News / Industry News & Events / Long Beach aquarium, 20 others across the nation to phase out plastic (07/11/17)

Long Beach aquarium, 20 others across the nation to phase out plastic

07/11/17

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Working to reduce the massive amount of plastic pollution in the worlds oceans, 21 of the nations top aquariums today will announce that they are phasing out most plastic products from plastic bags to straws to plastic beverage bottles.

The effort, which will also include the creation of exhibits explaining how people can find alternatives to plastic, is an attempt to raise consumer awareness among the 20 million people who visit the 21 aquariums, which include Long Beachs Aquarium of the Pacific, the Monterey Bay Aquarium and San Franciscos Steinhart Aquarium.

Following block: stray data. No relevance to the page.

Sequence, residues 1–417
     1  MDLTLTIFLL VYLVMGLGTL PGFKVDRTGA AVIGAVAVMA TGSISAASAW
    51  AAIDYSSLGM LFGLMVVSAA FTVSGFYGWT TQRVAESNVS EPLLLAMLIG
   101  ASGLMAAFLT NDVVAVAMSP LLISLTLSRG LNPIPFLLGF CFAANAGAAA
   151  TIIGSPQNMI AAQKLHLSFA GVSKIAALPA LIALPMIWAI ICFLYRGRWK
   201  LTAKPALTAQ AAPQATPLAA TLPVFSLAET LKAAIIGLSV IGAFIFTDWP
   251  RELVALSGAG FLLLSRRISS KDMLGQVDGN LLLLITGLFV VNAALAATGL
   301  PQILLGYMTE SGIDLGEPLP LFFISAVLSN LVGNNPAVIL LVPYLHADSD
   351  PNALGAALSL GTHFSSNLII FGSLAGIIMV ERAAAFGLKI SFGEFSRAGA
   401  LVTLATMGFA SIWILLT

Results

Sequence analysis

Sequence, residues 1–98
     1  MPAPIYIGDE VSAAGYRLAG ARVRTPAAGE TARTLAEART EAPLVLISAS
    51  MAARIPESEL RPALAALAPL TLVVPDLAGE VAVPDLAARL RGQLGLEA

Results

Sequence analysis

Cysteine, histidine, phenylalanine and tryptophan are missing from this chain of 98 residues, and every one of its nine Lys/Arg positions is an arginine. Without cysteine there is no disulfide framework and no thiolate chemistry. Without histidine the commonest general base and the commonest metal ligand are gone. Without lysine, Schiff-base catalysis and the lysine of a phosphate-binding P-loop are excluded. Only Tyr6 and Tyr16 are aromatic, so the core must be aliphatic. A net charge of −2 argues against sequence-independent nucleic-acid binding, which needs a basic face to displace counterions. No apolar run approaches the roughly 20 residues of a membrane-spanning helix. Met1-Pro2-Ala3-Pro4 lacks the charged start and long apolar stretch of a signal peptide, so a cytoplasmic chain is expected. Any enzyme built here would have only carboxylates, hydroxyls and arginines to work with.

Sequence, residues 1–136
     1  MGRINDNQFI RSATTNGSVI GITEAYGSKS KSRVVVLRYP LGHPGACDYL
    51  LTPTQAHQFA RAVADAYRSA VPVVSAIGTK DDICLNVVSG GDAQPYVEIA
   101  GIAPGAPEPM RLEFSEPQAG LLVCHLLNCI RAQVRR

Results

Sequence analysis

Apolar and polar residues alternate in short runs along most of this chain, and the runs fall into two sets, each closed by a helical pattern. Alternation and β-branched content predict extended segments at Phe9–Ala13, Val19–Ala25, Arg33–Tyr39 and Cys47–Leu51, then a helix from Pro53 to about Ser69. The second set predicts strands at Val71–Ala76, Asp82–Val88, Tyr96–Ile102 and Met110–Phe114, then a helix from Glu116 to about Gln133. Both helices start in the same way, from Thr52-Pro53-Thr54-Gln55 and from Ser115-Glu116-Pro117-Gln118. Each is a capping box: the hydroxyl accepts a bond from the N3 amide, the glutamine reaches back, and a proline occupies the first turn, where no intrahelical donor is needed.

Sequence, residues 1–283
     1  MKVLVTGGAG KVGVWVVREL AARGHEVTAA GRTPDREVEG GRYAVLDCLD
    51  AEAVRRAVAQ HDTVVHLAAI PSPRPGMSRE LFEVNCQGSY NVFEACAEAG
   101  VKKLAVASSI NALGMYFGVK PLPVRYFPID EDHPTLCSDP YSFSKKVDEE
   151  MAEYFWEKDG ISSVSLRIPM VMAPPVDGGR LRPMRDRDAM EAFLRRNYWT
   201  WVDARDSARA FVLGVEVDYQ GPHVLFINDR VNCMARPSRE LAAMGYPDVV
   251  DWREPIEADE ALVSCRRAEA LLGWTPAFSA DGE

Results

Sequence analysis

The target of the campaign is single-use, disposable plastic, said Claire Atkinson, spokeswoman for the Long Beach aquarium. (We) have committed to eliminating plastic bags and plastic drinking straws as of Monday.

Additionally, they plan to significantly reduce plastic beverage bottles by December 2020, she said. Expect to see fountain beverages and signs encouraging visitors to bring their own reusable water bottles.

The aquariums say their goal is a market-based approach that they hope will steer the buying habits of the public to change the vast supply chains that manufacture, deliver and sell products to businesses across the world.

Warning against plastic pollution is nothing new at Long Beachs aquarium, which has long hosted anti-pollution education programs, encouraged phasing out plastic drinking bottles and sponsored events at which only reusable containers are welcome.